FAIRMONT — The redistricting conducted by the West Virginia State Legislature has had a big impact on Marion County.

The 2022 legislative session brought the end of West Virginia’s multi-member House of Delegates districts. The Mountain State stood alone with New Hampshire as the only two states to still have multiple state representatives per voting district.

With the shift to the new districts and single-member districts, the precincts for local elections have had to change too. According to Marion County Clerk Julie Kincaid, Charleston did a number on the precincts around Fairmont.

Where things get complicated is what addresses get city ballots. Previously, the district maps respected city boundaries, so specific districts received the city ballots and others didn’t. Now the new maps have lines without regard for city boundaries.

“These new maps just drew their lines everywhere,” Kincaid said. “We had to go back and redo all of that.”

Wednesday, the Marion County Commission signed a letter of intent to change the precincts. The official change and proposal will be presented at the commission’s next meeting on Sept. 7.

“All the voters who are affected will receive a new card in the mail,” Kincaid said. “Thankfully we have a great team at WVUGIS that we’ve worked with from the start and they’re really good at what they do.”

Since the changes were so far-reaching, Kincaid and her office had to go down to specific addresses and break it down by tax tickets to find who was eligible to receive a city ballot in this year’s and future elections.

While this issue sounds like a it’d be widespread, according to Kincaid, it has only cropped up in the larger counties and Marion County has been directly told that it is the most adversely affected.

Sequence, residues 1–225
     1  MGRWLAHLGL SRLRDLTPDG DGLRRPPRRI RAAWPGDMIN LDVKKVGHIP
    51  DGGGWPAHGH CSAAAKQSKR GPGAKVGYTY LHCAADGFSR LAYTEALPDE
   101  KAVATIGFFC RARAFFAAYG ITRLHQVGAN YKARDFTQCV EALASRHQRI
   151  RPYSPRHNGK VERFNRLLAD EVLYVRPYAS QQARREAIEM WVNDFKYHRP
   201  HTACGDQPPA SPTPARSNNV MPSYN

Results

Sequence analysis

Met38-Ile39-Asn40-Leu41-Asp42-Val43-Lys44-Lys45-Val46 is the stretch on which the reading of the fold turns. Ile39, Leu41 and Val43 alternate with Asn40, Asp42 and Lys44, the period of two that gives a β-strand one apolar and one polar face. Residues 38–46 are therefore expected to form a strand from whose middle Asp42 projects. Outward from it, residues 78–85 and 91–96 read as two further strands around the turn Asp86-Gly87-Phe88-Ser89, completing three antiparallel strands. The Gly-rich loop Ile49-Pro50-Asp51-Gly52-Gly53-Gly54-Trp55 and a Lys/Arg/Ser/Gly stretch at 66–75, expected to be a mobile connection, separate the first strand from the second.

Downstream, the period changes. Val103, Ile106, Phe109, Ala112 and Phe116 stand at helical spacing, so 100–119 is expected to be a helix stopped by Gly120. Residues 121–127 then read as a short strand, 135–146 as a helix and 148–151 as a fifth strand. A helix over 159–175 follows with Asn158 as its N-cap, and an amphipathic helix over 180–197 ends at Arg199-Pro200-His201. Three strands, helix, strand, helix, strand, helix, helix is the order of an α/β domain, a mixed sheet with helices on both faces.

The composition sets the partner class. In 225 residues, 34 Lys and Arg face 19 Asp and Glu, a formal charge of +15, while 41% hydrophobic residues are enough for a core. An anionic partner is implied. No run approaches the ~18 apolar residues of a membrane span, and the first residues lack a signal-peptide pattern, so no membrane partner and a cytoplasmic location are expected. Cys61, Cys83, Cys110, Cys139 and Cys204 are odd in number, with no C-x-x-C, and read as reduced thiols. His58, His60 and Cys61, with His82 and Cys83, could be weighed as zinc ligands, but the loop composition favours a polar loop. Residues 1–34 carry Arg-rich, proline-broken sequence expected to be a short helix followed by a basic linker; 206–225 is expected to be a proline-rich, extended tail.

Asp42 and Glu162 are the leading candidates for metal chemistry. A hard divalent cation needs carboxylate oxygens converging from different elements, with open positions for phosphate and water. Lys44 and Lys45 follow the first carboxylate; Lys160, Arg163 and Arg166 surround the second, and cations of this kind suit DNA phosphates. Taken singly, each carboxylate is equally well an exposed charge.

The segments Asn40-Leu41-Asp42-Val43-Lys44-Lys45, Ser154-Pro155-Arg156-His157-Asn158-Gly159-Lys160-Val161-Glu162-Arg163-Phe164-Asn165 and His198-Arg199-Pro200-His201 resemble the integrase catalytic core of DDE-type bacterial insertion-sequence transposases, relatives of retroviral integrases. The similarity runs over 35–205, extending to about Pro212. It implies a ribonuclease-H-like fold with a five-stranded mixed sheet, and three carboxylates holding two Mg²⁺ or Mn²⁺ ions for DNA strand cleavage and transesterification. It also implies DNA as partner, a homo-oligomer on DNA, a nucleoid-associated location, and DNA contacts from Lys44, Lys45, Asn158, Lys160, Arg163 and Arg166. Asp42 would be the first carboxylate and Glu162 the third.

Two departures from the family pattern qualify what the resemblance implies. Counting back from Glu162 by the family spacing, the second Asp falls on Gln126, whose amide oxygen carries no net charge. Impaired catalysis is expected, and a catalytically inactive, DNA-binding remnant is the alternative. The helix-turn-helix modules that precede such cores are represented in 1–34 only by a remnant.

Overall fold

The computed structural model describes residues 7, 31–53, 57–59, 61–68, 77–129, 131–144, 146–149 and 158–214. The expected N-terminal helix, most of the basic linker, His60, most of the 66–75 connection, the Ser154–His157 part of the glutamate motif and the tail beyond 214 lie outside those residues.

Any voter who should have been eligible to receive a city ballot and did not receive a card saying so will be receiving a new card and a letter detailing the changes in the mail once the new maps are finalized and approved in September.

Marion Convention and Visitors Bureau

Wednesday, the commission also heard and update on the county’s tourism from Leisha Elliott, director of the Marion County Convention and Visitors Bureau.

The commissioners were happy to hear that tourism is on the rise in the county after two years of largely no travel due to COVID-19.

“It’s been a much better year this year than it has been in the past. COVID really took a hit on our income so that’s coming back around,” Elliott said. “We have a lot of good campaigns we’re working on. We’re working on some activity guides like we did for the pepperoni rolls.”

New guides will detail historic stops about the Civil War, local history and outdoor recreation. The CVB is also continuing its current campaign showcasing the culinary variety in the county.

The bureau is also continuing its photo contest, where residents or visitors can submit photos taken in the county to be used on postcards or other promotional material.

“These have really been what we intended them for — to get people out in the community and see the different businesses they may not know about,” Elliott said.

The commissioners were appreciative of the work Elliott does to promote the county and its must-visit locations.

“It’s really good to heard that the CVB is having a good year, particularly after the hit it took from COVID,” Commission President Randy Elliott said. “I think we’re all glad to see COVID is heading behind us.”

Reach David Kirk at 304-367-2522 or by email at dkirk@timeswv.com.

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